As math teachers, parents, and students, we need to coach each other forward when it comes to student learning.
The Internet gives us easy access to almost all families and colleagues, and this medium can be used to coach each other forward. Yet we don't want to overuse the medium so much that no one takes notice or everyone becomes agitated. This is a tricky area of coaching--when to send an email to all and when to contact a few.
I've decided to err on the area of more than less when it comes to coaching my big team of families, students, and colleagues since I need their help in order to help every child gain skill, confidence, and knowledge. Truly I can't do it alone.
First, I need students to know what's expected. I tell them in class, but we know that many don't hear or listen due to a large number of factors that may range from leftover thoughts about a playground game, an in-class crush, daydreaming about the holidays, physical discomfort, and more. So our team keeps an online document with homework assignments and resources that students are able to access 24-7 to aid their learning and study.
Next, if parents and colleagues understand what we're doing and why, they're able to coach the students well too. For example today I noticed a problem that many were having with this week's homework. It was a minor issue related to how to write numbers when you round. Many students were adding unnecessary zeroes and digits after the place they were rounding to and the online program deemed that incorrect. I wrote an email to all parents and then clarified the email after one parent asked a good question. Even if only 50% of the parents help their child to complete these assignments and check their work, it's still better than fewer parents. Every little bit of parent coaching and support possible helps the whole class move forward with interest, investment, and skill.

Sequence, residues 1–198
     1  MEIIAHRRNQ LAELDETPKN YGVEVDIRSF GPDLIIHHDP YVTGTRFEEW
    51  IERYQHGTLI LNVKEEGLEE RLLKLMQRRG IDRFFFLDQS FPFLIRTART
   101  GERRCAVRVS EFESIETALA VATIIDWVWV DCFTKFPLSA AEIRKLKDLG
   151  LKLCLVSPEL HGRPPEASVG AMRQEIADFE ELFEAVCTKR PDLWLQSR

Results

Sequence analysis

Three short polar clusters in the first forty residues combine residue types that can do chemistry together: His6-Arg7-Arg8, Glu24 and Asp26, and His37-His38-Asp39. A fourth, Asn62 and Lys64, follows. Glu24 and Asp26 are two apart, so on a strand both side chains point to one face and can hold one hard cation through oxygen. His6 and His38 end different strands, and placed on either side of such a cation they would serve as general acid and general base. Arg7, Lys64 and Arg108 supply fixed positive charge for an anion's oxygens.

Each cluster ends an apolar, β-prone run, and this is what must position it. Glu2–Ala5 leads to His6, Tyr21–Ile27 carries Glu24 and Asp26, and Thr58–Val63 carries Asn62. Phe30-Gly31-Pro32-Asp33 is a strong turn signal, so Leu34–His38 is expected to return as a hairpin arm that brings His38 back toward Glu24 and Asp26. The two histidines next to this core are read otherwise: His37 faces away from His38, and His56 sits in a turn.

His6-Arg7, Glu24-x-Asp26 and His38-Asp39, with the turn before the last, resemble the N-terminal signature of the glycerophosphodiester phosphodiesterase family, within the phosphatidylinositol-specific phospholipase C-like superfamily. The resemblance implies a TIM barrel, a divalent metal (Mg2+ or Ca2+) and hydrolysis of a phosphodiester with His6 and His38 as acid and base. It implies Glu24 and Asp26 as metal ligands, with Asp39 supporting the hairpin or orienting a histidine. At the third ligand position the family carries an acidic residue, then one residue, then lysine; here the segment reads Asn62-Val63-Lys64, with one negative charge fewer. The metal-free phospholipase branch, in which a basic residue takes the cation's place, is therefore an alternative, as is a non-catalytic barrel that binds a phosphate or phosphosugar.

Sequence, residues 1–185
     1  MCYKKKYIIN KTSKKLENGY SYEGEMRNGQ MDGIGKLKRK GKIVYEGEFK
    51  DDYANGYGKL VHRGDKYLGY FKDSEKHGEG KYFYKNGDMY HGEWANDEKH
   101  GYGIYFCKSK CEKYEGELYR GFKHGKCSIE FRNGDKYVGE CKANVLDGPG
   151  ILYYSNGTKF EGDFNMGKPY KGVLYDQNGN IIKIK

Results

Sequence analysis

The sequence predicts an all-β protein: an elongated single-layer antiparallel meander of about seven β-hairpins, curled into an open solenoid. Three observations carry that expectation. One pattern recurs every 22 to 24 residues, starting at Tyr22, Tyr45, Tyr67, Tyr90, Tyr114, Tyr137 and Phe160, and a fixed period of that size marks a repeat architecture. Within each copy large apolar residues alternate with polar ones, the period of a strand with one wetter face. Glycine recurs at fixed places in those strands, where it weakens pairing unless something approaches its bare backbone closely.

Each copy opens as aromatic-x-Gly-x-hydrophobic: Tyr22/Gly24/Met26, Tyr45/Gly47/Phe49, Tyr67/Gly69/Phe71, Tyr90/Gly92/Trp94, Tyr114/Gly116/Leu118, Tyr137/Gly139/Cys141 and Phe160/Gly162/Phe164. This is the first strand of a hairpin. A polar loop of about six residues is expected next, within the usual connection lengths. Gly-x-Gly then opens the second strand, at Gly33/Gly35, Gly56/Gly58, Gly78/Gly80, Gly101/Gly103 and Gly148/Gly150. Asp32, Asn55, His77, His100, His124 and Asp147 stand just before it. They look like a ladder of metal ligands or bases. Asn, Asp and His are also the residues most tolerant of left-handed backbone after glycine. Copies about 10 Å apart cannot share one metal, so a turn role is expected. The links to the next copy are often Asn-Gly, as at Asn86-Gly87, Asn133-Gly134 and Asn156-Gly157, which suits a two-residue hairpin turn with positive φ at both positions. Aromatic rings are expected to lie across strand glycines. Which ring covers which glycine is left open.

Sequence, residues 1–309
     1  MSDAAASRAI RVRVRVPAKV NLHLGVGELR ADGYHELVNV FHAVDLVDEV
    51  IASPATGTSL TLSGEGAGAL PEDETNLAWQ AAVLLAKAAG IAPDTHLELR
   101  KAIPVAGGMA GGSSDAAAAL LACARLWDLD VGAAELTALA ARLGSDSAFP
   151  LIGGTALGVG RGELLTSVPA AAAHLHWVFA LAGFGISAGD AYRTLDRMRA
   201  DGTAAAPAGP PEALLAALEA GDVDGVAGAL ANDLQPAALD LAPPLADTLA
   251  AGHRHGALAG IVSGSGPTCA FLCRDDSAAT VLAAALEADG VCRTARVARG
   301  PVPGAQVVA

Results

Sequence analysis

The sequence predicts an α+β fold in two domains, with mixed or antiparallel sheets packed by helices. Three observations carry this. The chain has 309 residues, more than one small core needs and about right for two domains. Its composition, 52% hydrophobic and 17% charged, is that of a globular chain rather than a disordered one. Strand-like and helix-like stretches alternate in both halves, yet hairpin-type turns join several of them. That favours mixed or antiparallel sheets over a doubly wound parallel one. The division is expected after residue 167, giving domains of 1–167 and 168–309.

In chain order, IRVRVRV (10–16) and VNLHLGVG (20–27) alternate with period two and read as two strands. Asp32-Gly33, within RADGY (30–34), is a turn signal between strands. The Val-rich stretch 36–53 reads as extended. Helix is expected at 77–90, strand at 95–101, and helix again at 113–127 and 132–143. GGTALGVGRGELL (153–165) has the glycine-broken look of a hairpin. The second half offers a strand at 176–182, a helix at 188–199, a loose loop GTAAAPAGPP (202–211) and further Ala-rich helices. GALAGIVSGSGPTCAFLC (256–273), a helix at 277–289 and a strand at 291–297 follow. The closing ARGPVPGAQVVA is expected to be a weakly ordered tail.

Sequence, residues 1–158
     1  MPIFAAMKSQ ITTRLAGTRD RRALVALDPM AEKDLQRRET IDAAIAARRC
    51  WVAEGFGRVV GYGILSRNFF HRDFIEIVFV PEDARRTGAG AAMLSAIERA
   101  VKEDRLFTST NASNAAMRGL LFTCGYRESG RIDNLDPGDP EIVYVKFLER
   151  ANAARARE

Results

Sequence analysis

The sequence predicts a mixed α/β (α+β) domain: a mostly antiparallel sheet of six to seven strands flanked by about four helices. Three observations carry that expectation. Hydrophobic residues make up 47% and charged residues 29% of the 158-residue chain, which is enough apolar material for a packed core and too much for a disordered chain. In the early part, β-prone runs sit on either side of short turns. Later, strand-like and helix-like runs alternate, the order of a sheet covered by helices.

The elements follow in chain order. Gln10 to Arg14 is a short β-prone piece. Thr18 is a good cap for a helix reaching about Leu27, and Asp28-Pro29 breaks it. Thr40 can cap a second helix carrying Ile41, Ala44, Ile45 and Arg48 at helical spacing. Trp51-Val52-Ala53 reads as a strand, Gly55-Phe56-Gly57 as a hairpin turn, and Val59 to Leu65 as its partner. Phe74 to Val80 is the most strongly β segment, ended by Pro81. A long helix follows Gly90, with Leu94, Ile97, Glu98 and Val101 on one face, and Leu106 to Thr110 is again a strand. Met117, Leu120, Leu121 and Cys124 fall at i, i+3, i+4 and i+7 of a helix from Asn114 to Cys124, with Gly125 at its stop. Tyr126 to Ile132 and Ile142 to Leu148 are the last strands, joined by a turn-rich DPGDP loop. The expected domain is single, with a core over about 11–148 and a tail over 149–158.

Further, when the whole team knows what's going on and their questions are welcome, then I'm able to better work with the team to organize, plan, and present the program in ways that matter.
There's many ways to teach math well, and all of those ways are deepened and enriched when the team is aware of the goals set, learning expected, and venues used. As noted by many, "Education is a team sport."